For the past 20 years, James Magnuson has been waking up early to write before coming into work as the director of the Michener Center for Writers.
Magnuson’s newest of nine novels, “Famous Writers I Have Known,” gives a satirical look into the workings of the Master-of-Fine-Arts culture. The plot centers on Frankie Abandonato, a con man who pretends to be V. S. Mohle — a resident writer at the Fiction Center, which is based on UT’s Michener center. In the novel, the Fiction Center is funded by author Rex Schoeninger, who is a transparent version of the Michener center’s namesake, James Michener.
UT’s Michener center is a three-year residency program for aspiring writers. Students can apply to concentrate in one of four writing fields: fiction, poetry, screenwriting or playwriting, and receive a $27,500 stipend each year. With an acceptance rate hovering around 1 percent — the center only accepts 12 writers each year — it is recognized as one of the top creative writing programs in the country.
Magnuson came back to Texas and took the director position in 1994 after a stint as a television writer in Hollywood. He said that at first the Michener center job was just a salary to support his writing career, but he began to love his students and care about their careers.
“Teaching has become an important part of my life,” Magnuson said. “You know you start thinking about this when you become an old dog. You start thinking about your legacy. I’m so proud of all of these young writers who have done so well. You know it’s interesting how personal it can be, the idea of creating an institution.”
It is his work directing the Michener center and building its reputation that has allowed him an insider view into the world of MFA students and famous authors. He used these observations as the basis for “Famous Writers I Have Known.”
“I have known Jim Magnuson for a long time,” said Stephen Harrigan, a faculty member at the Michener center. “We are close friends so I read the book in advance years ago, and I thought it was a brilliant and subversive look at his own profession. He knows the world he’s writing about intimately enough to kind of sabotage it in a way.”
“Famous Writers I Have Known” is both a satirical look at the writing world and a recollection of Magnuson’s daily task at the Michener center, one of which is picking up authors at the airport with only a jacket photo as identification. This is how Abandonato’s character was formed.
“I came up with this idea of a con man passing himself off as a writer, writers not being that different anyway in some cases,” Magnuson said. “They are both liars, con men and writers. They are both inventors, and they’re self-invented.”
Michener wrote more than 40 different and popular books throughout his career, but he received little recognition as an author of literary merit. He left all of his money to the University to create the Michener center.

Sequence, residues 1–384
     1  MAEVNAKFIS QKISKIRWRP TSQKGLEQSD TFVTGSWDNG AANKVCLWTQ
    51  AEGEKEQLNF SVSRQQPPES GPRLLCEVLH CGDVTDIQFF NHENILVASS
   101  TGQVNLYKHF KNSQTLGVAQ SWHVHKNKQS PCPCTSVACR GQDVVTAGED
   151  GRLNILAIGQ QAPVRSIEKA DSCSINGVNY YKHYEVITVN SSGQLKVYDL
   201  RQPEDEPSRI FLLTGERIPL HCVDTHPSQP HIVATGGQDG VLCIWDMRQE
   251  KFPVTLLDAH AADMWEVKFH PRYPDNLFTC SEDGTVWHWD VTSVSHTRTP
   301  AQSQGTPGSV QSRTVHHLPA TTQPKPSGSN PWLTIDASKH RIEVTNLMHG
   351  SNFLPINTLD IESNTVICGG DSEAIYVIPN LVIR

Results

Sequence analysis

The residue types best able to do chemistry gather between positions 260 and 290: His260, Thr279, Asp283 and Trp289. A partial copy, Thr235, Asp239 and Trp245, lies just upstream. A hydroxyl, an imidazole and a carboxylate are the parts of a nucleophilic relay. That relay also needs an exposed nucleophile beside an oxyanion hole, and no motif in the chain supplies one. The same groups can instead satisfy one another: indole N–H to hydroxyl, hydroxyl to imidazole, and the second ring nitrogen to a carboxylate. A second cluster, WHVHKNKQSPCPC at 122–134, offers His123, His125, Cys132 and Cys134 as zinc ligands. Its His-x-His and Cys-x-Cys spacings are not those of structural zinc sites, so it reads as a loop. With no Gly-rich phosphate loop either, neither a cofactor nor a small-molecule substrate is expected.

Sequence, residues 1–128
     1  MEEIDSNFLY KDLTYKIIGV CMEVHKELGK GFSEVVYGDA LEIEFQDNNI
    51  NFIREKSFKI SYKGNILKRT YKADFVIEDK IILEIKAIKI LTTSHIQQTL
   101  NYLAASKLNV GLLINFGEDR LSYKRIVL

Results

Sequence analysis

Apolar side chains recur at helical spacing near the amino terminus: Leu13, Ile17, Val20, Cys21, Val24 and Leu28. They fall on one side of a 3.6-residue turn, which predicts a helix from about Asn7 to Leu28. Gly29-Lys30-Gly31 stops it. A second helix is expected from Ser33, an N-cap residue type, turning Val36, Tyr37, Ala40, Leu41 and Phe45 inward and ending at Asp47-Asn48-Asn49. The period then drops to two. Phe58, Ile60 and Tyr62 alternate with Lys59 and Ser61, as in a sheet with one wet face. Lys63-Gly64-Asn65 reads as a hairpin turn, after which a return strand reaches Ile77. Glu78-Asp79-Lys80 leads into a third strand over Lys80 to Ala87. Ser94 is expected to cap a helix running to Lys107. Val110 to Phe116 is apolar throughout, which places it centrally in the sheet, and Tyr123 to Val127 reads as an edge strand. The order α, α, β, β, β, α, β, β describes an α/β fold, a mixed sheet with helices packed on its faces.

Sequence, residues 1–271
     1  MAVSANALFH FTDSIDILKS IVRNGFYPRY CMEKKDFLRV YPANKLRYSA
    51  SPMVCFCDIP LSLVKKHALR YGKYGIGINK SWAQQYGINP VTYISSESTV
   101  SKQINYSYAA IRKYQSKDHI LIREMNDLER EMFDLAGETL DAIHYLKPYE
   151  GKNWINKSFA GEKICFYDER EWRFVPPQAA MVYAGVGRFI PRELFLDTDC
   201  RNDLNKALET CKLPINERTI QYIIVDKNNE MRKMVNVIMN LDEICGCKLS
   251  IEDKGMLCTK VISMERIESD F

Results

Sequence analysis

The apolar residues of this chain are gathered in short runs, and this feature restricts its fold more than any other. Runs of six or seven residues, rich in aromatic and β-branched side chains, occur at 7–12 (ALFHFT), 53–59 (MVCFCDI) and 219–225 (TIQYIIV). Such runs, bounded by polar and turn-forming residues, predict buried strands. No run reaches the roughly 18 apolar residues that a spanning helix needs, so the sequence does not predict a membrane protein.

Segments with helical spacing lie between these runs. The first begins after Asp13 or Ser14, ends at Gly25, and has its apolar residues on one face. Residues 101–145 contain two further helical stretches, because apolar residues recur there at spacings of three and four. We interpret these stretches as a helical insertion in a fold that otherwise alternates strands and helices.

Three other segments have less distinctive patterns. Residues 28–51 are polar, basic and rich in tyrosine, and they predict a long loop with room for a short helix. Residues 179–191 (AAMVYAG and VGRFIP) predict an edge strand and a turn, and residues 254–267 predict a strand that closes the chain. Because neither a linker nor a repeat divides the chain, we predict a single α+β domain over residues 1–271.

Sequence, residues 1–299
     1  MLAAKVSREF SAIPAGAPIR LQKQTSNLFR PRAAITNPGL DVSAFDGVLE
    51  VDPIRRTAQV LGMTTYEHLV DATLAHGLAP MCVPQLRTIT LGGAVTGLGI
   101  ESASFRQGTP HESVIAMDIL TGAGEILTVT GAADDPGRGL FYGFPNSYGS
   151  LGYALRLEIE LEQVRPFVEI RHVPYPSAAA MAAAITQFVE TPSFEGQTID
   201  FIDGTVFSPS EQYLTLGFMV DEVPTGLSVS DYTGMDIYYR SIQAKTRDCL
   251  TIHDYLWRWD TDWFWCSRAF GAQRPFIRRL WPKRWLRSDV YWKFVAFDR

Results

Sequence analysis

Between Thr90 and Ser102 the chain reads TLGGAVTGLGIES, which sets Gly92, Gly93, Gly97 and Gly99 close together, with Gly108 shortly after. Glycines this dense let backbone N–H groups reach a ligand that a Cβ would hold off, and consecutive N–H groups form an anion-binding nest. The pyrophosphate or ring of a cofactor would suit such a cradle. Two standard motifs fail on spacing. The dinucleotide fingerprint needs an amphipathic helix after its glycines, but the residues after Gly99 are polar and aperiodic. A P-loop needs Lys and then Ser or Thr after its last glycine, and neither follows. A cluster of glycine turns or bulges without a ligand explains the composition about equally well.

“I think that what [Michener] got really right was the way there is this kind of towering presence that is infused into the life of the program,” former Michener center student Dominic Smith said. “As a student, there was never a time I got a stipend check that I didn’t think, ‘This is coming from the Michener estate.’”
Michener’s life inspired the book’s second plot, as Magnuson was able to observe it first-hand. The two worked together for many years, and Magnuson saw the sadness under Michener’s generous front.
“I knew Michener the last 10 years of his life, and I was very aware of lots of people trying to get a hold of his money in one way or another,” Magnuson said. “He had no children. There was something very painful about it.”
“Famous Writers I Have Known” is a satire, and one of the most obvious objects of satirization is Michener through Shoeinger. Magnuson was careful to show the duality of Michener. While Michener was caring and giving for the most part, he was also troubled and could be somewhat difficult to work with.
“On one hand it is fictionalized,” Magnuson said. “On the other hand, I would say that he wasn’t always easy near the end of his life. He could blow up from time to time. It’s much different having to work for someone as opposed to having them shower you with all this largesse.”
The students and their writing workshops were playfully mocked in the book, but Magnuson said the students are not based on anyone in particular.
“I feel like some of the dialogue in his book came from real classes that I’ve had with him, but students of past years will say the same thing because writing workshops have something kind of repetitive about them,” former Michener center student Domenica Ruta said. “They all fall under similar structures. There are different types and tropes, and [Magnuson] captures them all very well.”
The book’s satire is not hurtful or mean-spirited. Instead, it points out poignant truths about Magnuson’s experiences with the Michener center, and writers in general.
“My feeling is everyone gets dusted up a good amount in the book but everyone gets their dues,” Magnuson said. “There are different kinds of comedy. There is some comedy that really is totally vicious and delightful and there’s other comedy that is a little gentler and warmer. This is not the most savage book. I hope people can be moved by it, and I hope people can laugh.”